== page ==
“I’ve wondered why there is a stereotypical, conventional projection of the female voice in movie soundtracks. But maybe I should also think about why female characters are being projected this way, right? That’s what sets the parameters. In general, if you look at how female characters are being portrayed in movies, there is a certain conventional idea of the female lead character. So it sets the template for what their voice in a song should sound like. Because these songs are made for these characters in these scripts. So for this to change, that should also change.

Back in the day, LR Eshwari songs like Palinginal Oru Maligai had the vibe of old-school jazz songs. I loved that. It is an oomph song in its own way, and it is so beautiful. That’s also a great way to project voices that are bold and bass-heavy. Because there is no one type of woman. There seems to be a general idea of what the ideal woman should be like, and that comes across even in terms of the preferred skin colour for the screen. I wish more diversity would be showcased. But I think things are certainly starting to change.”

On how she got involved in designing Rahman’s music school, the KM Music Conservatory

“AR sir was on the lookout for a young architect to design the music school at the time. He had spoken to Abe Thomas in California about it, who connected us. He knew I was a musician and that I was also an architect. I had also done a lot of extensive research into music schools and spaces that involved music for my thesis in college. The building used to be a textile warehouse. We did away with all the internal walls and retained the basic framework. I redesigned the layouts because the pattern of moving through a space is important to experience the space. I also designed the interiors. Emmy Paul was the acoustic consultant.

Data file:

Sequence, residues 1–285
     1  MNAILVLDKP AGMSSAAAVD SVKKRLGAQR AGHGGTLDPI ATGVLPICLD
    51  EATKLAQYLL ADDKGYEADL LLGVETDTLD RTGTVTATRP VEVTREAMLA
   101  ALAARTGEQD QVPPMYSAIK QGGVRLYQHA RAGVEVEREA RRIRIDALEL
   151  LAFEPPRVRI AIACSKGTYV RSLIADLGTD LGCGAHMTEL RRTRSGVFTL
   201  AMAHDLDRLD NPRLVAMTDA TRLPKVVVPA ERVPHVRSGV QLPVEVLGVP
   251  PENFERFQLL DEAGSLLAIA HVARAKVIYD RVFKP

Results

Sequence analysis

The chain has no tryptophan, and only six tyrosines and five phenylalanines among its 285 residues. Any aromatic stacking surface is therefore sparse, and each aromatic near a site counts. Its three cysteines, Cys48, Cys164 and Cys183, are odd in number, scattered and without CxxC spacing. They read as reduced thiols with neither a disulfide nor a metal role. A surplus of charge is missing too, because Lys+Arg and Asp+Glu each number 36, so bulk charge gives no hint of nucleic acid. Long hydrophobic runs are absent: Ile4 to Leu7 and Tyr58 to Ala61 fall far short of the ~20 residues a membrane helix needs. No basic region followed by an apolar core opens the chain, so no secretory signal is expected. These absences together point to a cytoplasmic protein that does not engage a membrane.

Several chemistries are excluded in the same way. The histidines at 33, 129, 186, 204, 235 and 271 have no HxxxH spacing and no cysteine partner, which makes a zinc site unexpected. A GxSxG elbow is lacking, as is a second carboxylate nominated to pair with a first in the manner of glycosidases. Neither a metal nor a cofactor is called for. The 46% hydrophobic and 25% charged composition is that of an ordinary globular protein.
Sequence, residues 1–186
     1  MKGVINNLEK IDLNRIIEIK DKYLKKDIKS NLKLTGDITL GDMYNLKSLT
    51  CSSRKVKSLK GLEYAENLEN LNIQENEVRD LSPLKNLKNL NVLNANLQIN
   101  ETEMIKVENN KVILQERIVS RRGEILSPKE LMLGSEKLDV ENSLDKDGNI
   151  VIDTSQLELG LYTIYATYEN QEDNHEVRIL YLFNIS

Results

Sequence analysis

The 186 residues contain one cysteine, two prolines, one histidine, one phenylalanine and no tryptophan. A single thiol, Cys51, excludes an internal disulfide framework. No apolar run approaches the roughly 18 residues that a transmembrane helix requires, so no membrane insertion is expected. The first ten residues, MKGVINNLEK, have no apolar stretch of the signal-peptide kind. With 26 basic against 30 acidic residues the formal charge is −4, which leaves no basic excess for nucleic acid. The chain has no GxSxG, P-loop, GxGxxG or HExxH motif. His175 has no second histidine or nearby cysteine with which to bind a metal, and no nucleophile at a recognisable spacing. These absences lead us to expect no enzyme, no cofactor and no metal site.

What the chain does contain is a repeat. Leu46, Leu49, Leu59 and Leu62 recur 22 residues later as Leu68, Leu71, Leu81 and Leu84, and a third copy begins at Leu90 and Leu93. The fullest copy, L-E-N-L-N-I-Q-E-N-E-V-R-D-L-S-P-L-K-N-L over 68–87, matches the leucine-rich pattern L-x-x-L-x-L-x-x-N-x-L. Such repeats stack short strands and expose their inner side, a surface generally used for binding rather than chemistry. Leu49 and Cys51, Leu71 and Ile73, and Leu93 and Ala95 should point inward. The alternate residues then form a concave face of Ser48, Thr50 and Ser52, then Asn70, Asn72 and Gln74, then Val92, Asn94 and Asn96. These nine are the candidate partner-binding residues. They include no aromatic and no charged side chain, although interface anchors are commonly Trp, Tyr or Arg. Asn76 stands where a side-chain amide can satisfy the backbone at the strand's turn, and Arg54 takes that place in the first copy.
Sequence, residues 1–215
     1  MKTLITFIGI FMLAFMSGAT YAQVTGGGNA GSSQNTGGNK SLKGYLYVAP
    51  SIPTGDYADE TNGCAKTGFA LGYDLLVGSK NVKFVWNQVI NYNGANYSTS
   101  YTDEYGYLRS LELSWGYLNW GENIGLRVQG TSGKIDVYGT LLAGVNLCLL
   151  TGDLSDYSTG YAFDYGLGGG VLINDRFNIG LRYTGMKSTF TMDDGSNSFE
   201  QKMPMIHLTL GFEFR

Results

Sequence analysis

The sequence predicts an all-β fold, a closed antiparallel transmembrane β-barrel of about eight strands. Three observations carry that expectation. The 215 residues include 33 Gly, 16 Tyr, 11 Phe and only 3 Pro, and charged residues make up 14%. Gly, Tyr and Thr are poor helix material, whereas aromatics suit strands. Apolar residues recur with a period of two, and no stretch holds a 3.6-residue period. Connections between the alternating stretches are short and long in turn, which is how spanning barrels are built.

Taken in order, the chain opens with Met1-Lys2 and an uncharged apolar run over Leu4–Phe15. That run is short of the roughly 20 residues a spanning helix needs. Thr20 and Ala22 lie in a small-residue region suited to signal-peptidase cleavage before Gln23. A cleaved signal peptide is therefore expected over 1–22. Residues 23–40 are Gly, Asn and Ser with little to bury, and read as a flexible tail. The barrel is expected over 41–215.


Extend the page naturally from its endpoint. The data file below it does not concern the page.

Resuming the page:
I wanted to retain the spirit of what the building used to be, so all the common spaces have an industrial treatment with pop-art inspired vibes. The interior spaces are minimal, modern and have a clean design kind of aesthetic, very functional. Music, when you study, has a huge clinical aspect to it but there’s also a sense of play that is vital to the learning process. I wanted the space to be able to reflect that. For me, designing a music school is a dream. Period. Designing one for AR Rahman sir was a mega, mega dream come true.”